The riot of ‘85
Not so infamous as ‘81
when Liverpool went feral
and anger blazed for nine whole days,
the riot of ‘85 arose
in Toxteth when someone
was stabbed and four men’s freedom hung in peril.
I didn’t know that then, although I was
stranded in the middle
thinking “What the fuckin’ fuck?!!”
In ‘85 there was a lack
of means to know the cause.
We had no internet to solve such riddles:
at ours we didn’t even have TV…
I jump ahead too far!
My own concern in this began
that September when I’d gone
off roaming, bringing me
one evening to a Neapolitan bar.
It was the break before my final year
My friends and I were only young
and deemed the strife in ‘81
no valid cause for fear:
to us that riot was distant history
so seeing a house on Princes Avenue -
the leafy boulevard
that midribs Toxteth - up for rent,
we’d clinched a deal: two months upfront,
and then a brief ado
installing treasured vinyl and guitars
at which we went our individual ways.
My own way was a bargain
but most delightful trip I made
by Interrail along the Med
which placed me, like I say,
in Naples, in a cafe sipping lager,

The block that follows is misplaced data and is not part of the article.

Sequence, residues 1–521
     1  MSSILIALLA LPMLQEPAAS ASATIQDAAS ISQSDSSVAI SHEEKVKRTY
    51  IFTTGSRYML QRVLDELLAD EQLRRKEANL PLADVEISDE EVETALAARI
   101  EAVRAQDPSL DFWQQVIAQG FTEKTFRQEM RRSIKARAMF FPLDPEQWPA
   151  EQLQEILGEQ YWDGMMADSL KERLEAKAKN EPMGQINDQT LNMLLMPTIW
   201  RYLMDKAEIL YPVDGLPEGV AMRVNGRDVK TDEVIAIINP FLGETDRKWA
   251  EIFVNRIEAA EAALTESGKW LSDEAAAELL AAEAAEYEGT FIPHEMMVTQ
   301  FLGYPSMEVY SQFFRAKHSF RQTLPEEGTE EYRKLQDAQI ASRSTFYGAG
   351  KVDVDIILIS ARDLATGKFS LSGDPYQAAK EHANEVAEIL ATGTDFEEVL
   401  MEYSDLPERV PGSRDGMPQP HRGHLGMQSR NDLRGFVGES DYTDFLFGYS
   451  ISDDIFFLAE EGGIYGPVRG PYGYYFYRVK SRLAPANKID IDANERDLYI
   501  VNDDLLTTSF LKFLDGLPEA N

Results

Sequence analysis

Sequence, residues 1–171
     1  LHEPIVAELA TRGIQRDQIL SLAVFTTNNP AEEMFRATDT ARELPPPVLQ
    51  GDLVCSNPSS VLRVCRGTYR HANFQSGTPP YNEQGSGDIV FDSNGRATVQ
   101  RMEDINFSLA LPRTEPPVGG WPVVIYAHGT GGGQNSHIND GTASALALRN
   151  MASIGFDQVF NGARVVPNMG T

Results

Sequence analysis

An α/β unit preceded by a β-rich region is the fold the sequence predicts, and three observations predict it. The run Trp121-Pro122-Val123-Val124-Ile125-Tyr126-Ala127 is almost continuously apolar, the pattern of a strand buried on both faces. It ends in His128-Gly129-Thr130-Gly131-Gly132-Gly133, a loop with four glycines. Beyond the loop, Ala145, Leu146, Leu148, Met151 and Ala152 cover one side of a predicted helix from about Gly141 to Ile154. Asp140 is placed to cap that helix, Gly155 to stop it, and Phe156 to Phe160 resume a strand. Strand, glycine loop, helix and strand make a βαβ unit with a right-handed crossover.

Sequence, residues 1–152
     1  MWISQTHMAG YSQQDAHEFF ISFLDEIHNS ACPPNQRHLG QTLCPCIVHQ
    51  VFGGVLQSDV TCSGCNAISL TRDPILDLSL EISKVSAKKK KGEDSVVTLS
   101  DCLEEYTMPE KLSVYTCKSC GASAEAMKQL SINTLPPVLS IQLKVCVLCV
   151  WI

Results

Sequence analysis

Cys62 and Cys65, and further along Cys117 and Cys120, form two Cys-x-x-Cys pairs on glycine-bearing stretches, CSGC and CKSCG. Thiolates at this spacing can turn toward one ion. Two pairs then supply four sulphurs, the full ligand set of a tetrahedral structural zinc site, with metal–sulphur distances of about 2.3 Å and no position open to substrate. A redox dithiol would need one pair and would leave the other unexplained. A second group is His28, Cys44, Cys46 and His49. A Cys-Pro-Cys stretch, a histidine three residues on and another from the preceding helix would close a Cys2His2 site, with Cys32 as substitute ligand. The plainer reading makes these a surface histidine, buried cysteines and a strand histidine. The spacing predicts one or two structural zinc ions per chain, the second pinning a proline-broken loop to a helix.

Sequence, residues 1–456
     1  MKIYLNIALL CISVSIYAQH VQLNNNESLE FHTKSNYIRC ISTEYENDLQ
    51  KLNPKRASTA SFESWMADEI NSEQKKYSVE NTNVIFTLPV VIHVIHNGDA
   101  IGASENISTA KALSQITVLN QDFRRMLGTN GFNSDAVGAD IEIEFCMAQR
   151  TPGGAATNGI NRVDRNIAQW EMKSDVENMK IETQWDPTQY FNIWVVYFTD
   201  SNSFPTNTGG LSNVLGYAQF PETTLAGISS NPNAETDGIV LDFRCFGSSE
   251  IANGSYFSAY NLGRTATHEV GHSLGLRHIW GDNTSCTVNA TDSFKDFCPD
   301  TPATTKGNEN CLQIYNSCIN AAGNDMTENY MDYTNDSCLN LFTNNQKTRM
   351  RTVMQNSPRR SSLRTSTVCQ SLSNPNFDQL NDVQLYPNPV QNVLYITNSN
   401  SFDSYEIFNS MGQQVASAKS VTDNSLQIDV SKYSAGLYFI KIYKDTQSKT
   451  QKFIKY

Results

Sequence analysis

a TV showing revolutionary
scenes, I thought, in Rome
with petrol bombs. I vaguely wondered
what this was all about, and when did
start wearing helmets like police back home?
...when Margaret Thatcher loomed up on the screen.
A surge of consternation
thrust my thoughts back to my nest
in Liverpool, although I must
confess to having been
more anxious for my LPs than my nation.
But next day, scouring papers on the news-stands
I learnt the riot was not
in Liverpool but Birmingham,
so mosied home via Amsterdam
contented that this nuisance
didn’t jeopardise my worldly goods a lot.
With duty-free allowance in my backpack
I disembarked the ferry
at Harwich, called on Mum and Dad
then on to Toxteth with no dread
I’d find my new flat ransacked.
Leaves glowed gold on maples, limes, and cherries
that last September day, along our street.
Tall Victorian houses
peered down on the laid-back pace